Some months ago I declared as a candidate for the Board of Directors for the Community Center for the Performing Arts (the WOW Hall). I’m well qualified, having served on the boards of AFM Local 689, Eugene Peace Works and the CCPA itself. Most of my professional life has been in music and education, two core activities of the CCPA.

 Like other candidates endorsed by the Friends of WOW Hall , a members group, I support the following: The hall should serve and include all ages, children, youth, adults and elders. The hall should be available to local artists and organizations. The hall should conduct its business modestly with the intent of being able to give back to the community. The hall should serve as a meeting space for groups within our community, especially those concerned with justice and equality. The hall should remain free of debt and encumbrance.

 For my own part, I’d like to see the offices cleaned up and have Occupy Medical do health checks for children. I’d like to stop isolating ourselves from other nonprofits and arts organizations, instead working together with them in our common interests.

 I haven’t been able to discuss these or other issues with the current board because they will not speak to me or answer emails. The last I heard from them was an email, copied to the full board, asking me to withdraw my candidacy.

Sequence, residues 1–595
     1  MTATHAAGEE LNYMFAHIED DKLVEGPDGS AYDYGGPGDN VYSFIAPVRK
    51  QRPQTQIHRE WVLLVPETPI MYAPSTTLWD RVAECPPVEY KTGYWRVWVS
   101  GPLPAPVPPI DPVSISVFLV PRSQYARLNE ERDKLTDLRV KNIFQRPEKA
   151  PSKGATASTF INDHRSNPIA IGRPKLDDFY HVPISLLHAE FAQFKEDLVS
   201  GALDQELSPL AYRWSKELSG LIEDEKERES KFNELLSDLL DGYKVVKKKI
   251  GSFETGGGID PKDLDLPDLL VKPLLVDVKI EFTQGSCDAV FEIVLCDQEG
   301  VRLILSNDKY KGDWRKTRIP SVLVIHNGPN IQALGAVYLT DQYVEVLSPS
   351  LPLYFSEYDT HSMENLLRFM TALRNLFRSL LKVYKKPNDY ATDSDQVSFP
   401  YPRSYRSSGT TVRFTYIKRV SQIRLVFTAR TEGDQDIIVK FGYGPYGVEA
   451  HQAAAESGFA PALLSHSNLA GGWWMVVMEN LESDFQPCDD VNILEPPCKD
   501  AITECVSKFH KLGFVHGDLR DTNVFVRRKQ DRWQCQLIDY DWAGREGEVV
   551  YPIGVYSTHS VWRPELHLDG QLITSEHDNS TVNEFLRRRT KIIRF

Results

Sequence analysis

Chico Schwall



I am writing about the new Lane Council of Government’s bus. The COVID situation occurred in March, right after it had been announced that there would be flag stops on this bus along West Highway126. That would’ve been perfect.

There are stores open now. So we tried this bus. No flag stops, he wasn’t friendly. We were charged $5 each to go from Eugene to Veneta. This is the same price as to Florence from Eugene. The LCOG bus is said to cost $1 to go from Mapleton to Florence. The LTD buses to Veneta were free at this time. This bus has four stops: Eugene,Veneta, Mapleton and Florence. No flag stops, yet.

This is falling way short of the full spectrum of plans that should be implemented to truly take advantage of a bus system in such a rural area.

Many can’t drive, many more wouldn’t if they didn’t have to. The right thing to do should be to make it easier for everybody to take the bus. If a school bus can stop there, then this little bus can, too.

How are we gonna save our planet without bus stops, come on! We need your help to organize an honorable transportation system. Write to Rep. Peter DeFazio and also ADRCLane@lcog.org to show your interest in a more user-friendly bus system. Come on people, let’s not lose our momentum.